National champion Ohio State of the Big Ten made a morning splash by retaining the commitment of quarterback Torrance Gibson, who gave late consideration to Auburn and LSU. The Buckeyes flipped offensive tackle Isaiah Prince from Alabama's No. 1 class, which was otherwise largely put to bed weeks ago.

Texas flipped safety P.J. Locke from Oregon to punctuate Charlie Strong's 29-man, No. 9-ranked class that might signal the return to prominence of the Longhorns.

And the SEC added its share of drama, starting with the Auburn-Florida battles, in which former Gators coach Will Muschamp loomed large.

Muschamp's new program beat his old one for linebacker Jeffery Holland and the nation’s No. 1 overall prospect, defensive end Byron Cowart of Seffner (Florida) Armwood.

Cowart, though, failed to fax his signed letter of intent to Auburn for some seven hours while reports bounced back and forth about his eventual decision.

Clearly, he was torn, feeling compelled to consider Florida coach Jim McElwain and his staff, on the job for two months.

"It's not their fault they're new," Cowart said. "In the recruiting process, [coaches] tell you what you want to hear, and when you get there, everything switches."

So ultimately, Cowart went with Auburn -- and the coach he trusted.

The Tigers, after the great start, lost No. 1 offensive tackle Martez Ivey and second-rated defensive end CeCe Jefferson to Florida and top-ranked defensive tackle Terry Beckner Jr. to Missouri.

Tennessee claimed victory with the signing of elite defensive tackle Kahlil McKenzie, a longtime commitment out of California, and the late flip of offensive tackle Drew Richmond from Ole Miss to secure the nation's fifth-rated class -- No. 2 in the SEC.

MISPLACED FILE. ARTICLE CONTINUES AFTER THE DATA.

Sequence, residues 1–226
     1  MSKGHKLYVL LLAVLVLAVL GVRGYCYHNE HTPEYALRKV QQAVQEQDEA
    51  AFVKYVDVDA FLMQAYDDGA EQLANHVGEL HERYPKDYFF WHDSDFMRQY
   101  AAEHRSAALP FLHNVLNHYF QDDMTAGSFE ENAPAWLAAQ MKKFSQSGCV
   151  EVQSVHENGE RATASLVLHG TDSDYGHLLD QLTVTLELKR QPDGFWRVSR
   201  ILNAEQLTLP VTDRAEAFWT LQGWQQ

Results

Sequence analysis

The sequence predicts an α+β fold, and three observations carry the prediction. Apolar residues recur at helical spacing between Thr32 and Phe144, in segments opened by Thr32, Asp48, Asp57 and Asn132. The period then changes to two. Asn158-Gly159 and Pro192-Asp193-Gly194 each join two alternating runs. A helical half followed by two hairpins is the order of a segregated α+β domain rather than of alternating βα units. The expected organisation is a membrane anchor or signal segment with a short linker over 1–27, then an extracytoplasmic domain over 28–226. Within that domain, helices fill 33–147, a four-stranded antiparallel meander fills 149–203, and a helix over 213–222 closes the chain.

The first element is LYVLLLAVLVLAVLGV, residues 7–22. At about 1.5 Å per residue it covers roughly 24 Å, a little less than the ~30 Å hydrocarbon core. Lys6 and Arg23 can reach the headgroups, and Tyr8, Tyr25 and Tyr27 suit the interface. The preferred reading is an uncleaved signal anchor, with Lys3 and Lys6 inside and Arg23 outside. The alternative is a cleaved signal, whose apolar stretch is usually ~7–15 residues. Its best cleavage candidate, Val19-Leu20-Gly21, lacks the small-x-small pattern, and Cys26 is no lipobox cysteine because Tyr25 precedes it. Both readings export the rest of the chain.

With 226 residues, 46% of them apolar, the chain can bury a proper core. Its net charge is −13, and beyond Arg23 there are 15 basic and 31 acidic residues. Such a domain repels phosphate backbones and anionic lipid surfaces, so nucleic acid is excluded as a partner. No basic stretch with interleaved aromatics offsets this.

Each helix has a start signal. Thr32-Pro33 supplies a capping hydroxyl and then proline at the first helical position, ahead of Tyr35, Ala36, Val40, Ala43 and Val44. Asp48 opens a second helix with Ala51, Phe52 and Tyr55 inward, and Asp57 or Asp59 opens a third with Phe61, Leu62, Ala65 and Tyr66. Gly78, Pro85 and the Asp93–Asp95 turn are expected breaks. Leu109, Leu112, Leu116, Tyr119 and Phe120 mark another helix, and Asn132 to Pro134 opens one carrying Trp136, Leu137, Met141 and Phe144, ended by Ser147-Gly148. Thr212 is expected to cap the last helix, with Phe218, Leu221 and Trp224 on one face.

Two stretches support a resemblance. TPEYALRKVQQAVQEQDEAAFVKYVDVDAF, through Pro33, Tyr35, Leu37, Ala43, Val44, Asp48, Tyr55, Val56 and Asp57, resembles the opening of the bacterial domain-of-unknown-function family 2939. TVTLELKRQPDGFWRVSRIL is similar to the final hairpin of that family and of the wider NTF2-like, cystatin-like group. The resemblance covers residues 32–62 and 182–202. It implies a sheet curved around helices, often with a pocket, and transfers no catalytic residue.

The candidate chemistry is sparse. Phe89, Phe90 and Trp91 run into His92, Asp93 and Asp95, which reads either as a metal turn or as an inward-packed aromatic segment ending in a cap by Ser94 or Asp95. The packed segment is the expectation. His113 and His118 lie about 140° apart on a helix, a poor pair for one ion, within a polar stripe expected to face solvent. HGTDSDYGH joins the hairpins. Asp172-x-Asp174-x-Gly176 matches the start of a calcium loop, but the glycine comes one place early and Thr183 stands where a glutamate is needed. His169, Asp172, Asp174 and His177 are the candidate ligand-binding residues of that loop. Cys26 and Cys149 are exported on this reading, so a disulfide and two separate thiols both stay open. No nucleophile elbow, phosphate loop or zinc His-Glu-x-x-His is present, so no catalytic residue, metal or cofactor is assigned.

Ranked No. 1 nationally, for the fourth straight year, was the Crimson Tide.

"One of the very good things about this class is we didn't have a lot of drama today," Alabama coach Nick Saban said. "These guys have been committed to us for a while.
"That's not the way to get the most attention from the media, but that certainly speaks highly of what a commitment means."

LSU, with its new all-star cast of recruiters headlined by Ed Orgeron, finished with good news early in the week on defensive end Arden Key, followed by the Wednesday addition of guard Toby Weathersby -- a former Texas pledge -- and the flip of receiver Brandon Martin from Missouri.

Martin punctuated his change of heart with this hashtag on Twitter.



And then there was the case of Smith, the linebacker out of Macon County High School in Montezuma, Georgia, who announced his choice of UCLA over Georgia on ESPNU but never faxed his letter of intent.

Why? Because in the moments after signing, Smith learned from reporters at his school -- as Georgia coaches furiously called with the same news -- that UCLA defensive coordinator Jeff Ulbrich was up for a job as the Atlanta Falcons' linebackers coach.

Ulbrich recruited Smith, who plans to wait "a couple days to figure things out," Macon County coach Larry Harold told the Atlanta Journal-Constitution.

Ah, there's nothing quite like signing day, which could change considerably for the next class of recruits if a proposal is approved this spring by the Division I conference commissioners to add a three-day early signing period in December.

So, if this was the last of its kind -- with the full-on drama and star power that only a once-a-year event can provide -- then signing day as we know it went out in style.

Completed class: USC Trojans

February, 4, 2015
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USC has announced its 2015 class:

Five-stars
Iman Marshall, CB -- Long Beach Polytechnic High School, California

ESPN 300
Chuma Edoga, OT -- McEachern High School, Georgia
Ronald Jones II, RB -- McKinney North High School, Texas
Rasheem Green, DT -- Junipero Serra High School, California
John Houston Jr., ILB -- Junipero Serra High School, California
Osa Masina, OLB -- Brighton High School, Utah
Tyler Petite, TE-Y -- Campolindo High School, California
Porter Gustin, ATH -- Salem Hills High School, Utah
Marvell Tell, S -- Crespi Carmelite High School, California
Sam Darnold, QB-PP -- San Clemente High School, California
Ricky Town, QB-PP -- Saint Bonaventure High School, California
Isaiah Langley, ATH -- Foothill High School, California
Jacob Daniel, DT -- Clovis North High School, California
Ykili Ross, ATH -- Riverside Polytech High School, California
Noah Jefferson, DT -- Liberty High School, Nevada
Cameron Smith, ILB -- Granite Bay High School, California

ESPN JC 50
De'Quan Hampton, WR -- Long Beach City College, California